2900. Seveno, D., A. Vaillant, R. Rioboo, H. Adao, J. Conti, and J. DeConinck, “Dynamics of wetting revisited,” Langmuir, 25, 13034-13044, (Oct 2009).

We present new spreading-drop data obtained over four orders of time and apply our new analysis tool G-Dyna to demonstrate the specific range over which the various models of dynamic wetting would seem to apply for our experimental system. We follow the contact angle and radius dynamics of four liquids on the smooth silica surface of silicon wafers or PET from the first milliseconds to several seconds. Analysis of the images allows us to make several hundred contact angle and droplet radius measurements with great accuracy. The G-Dyna software is then used to fit the data to the relevant theory (hydrodynamic, molecular-kinetic theory, Petrov and De Ruijter combined models, and Shikhmurzaev’s formula). The distributions, correlations, and average values of the free parameters are analyzed and it is shown that for the systems studied even with very good data and a robust fitting procedure, it may be difficult to make reliable claims as to the model which best describes results for a given system. This conclusions also suggests that claims based on smaller data sets and less stringent fitting procedures should be treated with caution.

2902. Gao, L., and T.J. McCarthy, “Contact angle hysteresis explained,” Langmuir, 22, 6234-6237, (Jun 2006).

A view of contact angle hysteresis from the perspectives of the three-phase contact line and of the kinetics of contact line motion is given. Arguments are made that advancing and receding are discrete events that have different activation energies. That hysteresis can be quantified as an activation energy by the changes in interfacial area is argued. That this is an appropriate way of viewing hysteresis is demonstrated with examples.

1189. Rasmussen, J.R., “The organic surface chemistry of low-density polyethylene film (PhD thesis),” M.I.T., 1976.

2678. Hejda, F., P. Solar, and J. Kousal, “Surface free energy determination by contact angle measurements - a comparison of various approaches,” in WDS '10 Proceedings, Part III, 25-30, MATFYZ Press, 2010.

One of the parameters characterizing the surfaces of materials is the surface free energy. The most common way to determine its value is to measure the surface tension by the sessile drop method. In this case a contact angle between the surface and the edge of droplets of liquids is measured. There are various approaches to calculate the surface free energy from the contact angle measurements. We made a review and a direct comparison of the most widely used methods and testing liquids in order to re-evaluate their advantages and disadvantages. In the presented work we discuss the limits of applicability of the examined methods. We confirm that methods using a pair of liquids give results dependent on the liquids chosen. Using a pair of non-polar and polar liquid yielded most reliable results. This is even more clear when two-liquid method is transformed into a multiple-liquid method. The algorithms developed during the work will be implemented into liquid contact angle analysis software.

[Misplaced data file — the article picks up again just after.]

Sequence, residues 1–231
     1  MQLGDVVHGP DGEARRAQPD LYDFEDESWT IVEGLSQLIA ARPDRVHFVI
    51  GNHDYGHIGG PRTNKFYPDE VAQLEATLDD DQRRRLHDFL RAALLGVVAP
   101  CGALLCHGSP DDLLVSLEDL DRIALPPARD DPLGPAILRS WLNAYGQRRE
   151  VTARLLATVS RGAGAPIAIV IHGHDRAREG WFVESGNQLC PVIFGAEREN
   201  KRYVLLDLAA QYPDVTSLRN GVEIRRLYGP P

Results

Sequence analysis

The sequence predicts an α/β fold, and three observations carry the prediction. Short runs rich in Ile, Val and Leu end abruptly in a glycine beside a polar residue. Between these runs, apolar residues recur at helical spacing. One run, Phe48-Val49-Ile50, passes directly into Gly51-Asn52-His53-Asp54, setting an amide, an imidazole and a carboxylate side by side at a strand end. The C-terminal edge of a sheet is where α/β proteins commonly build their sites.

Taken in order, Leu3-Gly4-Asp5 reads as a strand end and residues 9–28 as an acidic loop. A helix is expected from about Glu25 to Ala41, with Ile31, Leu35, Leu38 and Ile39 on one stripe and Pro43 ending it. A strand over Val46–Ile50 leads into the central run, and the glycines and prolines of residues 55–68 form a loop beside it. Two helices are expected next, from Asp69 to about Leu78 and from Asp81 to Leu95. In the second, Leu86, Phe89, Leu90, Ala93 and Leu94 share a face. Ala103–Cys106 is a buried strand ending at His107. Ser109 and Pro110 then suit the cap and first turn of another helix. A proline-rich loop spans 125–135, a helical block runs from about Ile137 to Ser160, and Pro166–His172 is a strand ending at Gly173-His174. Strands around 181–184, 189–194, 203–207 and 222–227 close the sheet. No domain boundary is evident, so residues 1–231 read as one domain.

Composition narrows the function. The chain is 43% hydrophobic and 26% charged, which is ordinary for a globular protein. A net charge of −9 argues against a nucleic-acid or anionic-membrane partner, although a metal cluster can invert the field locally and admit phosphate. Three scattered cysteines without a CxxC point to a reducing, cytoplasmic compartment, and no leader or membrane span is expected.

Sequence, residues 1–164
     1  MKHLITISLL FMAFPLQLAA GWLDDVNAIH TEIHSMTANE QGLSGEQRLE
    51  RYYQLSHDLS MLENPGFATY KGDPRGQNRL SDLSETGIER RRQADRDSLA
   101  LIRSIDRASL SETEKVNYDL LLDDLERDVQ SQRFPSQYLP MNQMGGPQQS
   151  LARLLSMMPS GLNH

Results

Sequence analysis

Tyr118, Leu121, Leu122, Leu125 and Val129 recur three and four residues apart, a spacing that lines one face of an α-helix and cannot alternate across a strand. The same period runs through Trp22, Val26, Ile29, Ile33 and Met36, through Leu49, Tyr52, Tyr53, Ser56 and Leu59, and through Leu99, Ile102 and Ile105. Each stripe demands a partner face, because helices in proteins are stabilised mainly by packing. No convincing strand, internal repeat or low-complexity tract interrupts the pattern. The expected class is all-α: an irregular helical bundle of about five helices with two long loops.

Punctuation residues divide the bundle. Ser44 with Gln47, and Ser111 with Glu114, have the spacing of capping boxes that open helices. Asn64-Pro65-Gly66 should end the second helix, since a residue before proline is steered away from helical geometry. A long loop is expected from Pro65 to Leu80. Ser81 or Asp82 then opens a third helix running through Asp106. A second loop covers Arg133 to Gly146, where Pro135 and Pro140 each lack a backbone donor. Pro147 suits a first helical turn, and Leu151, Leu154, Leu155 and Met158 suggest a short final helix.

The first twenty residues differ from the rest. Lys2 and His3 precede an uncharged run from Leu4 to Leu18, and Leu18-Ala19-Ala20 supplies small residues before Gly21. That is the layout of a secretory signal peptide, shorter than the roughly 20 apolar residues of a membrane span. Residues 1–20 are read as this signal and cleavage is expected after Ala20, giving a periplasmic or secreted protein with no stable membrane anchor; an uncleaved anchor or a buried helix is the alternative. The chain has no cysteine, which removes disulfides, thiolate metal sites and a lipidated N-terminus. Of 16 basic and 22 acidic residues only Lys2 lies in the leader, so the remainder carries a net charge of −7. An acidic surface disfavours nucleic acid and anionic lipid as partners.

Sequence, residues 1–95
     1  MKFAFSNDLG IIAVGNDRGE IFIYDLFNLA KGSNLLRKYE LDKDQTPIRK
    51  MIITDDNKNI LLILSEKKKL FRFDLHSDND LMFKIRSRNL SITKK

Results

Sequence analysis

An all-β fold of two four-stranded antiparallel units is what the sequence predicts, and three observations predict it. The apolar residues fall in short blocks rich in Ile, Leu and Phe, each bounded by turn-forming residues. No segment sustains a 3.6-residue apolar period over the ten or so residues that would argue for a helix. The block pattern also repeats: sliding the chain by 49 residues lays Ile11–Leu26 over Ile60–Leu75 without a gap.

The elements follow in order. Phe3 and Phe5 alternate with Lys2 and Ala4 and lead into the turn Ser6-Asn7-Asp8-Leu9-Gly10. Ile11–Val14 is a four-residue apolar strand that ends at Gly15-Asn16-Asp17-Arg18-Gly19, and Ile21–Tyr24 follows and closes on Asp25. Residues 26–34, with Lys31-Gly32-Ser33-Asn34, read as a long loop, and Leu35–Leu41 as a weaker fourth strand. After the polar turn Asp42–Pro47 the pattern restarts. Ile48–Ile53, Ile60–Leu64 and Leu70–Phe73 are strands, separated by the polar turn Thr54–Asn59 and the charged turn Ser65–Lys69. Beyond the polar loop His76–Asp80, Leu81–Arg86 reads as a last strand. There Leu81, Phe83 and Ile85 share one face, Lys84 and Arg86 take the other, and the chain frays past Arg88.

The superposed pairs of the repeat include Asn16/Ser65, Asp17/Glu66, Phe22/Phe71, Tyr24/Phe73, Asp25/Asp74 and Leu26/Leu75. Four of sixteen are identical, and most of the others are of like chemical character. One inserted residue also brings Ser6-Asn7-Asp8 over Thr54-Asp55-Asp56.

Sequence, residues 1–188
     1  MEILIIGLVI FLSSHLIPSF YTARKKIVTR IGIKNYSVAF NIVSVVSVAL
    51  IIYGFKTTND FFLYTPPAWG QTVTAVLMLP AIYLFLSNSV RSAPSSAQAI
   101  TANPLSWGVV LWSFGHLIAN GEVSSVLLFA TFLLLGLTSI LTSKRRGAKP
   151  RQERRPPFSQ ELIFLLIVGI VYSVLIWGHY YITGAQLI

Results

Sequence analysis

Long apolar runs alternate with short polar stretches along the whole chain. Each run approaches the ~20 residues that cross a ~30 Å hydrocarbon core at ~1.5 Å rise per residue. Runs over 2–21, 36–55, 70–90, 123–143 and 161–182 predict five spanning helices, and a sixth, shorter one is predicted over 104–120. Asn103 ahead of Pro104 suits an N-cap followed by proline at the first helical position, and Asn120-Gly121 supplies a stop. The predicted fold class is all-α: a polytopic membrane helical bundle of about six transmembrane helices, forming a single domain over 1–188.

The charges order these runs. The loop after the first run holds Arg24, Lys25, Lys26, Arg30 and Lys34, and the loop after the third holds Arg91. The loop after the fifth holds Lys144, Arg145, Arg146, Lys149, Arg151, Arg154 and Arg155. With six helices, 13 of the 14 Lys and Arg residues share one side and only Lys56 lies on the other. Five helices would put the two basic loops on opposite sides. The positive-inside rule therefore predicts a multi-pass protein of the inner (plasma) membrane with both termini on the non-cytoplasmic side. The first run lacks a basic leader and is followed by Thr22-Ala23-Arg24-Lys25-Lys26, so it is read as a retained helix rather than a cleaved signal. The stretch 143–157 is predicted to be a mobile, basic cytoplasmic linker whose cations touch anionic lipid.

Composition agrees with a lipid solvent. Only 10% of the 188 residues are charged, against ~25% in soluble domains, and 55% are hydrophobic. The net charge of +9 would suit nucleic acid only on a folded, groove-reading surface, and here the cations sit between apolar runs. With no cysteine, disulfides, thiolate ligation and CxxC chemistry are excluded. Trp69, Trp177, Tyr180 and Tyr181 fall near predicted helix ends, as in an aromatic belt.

511. Lee, B.-I., “Low temperature plasma surface treatment of polymers and fillers (graduate thesis),” MIT, 1971.

556. Sarabia, A., “Plasma surface treatment of poly(phenyl sulfide) and poly(etheretherketone) prior to adhesive bonding (MS thesis),” MIT, 1987.

1742. Coates, D.M., and S.L. Kaplan, “Modification of polymeric surfaces with plasma,” MRS Bulletin, 21, 43-45, (1996).

As adaptable as polymeric materials are in their many applications to our daily lives, the need exists to tailor the polymer surfaces to provide even more flexibility in regard to their uses. Plasma treatments offer an unprecedented spectrum of possible surface modifications to enhance polymers, ranging from simple topographical changes to creation of surface chemistries and coatings that are radically different from the bulk polymer. Furthermore plasma treatments are environmentally friendly and economical in regard to their use of materials.

Plasma processing can be classified into at least four categories that often overlap. These are the following: (1) surface preparation by breakdown of surface oils and loose contaminates, (2) etching of new topographies, (3) surface activation by creation or grafting of new functional groups or chemically reactive, excited metastable species on the surface, and (4) deposition of monolithic, adherent surface coatings by polymerization of monomeric species on the surface. Key features of these processes will be briefly discussed, with a rudimentary introduction to the chemistries involved, as well as examples. Focus is placed on capacitively coupled radio-frequency (rf) plasmas (see Figure 1 in the article by Lieberman et al. in this issue of MRS Bulletin) since they are most commonly used in polymer treatment.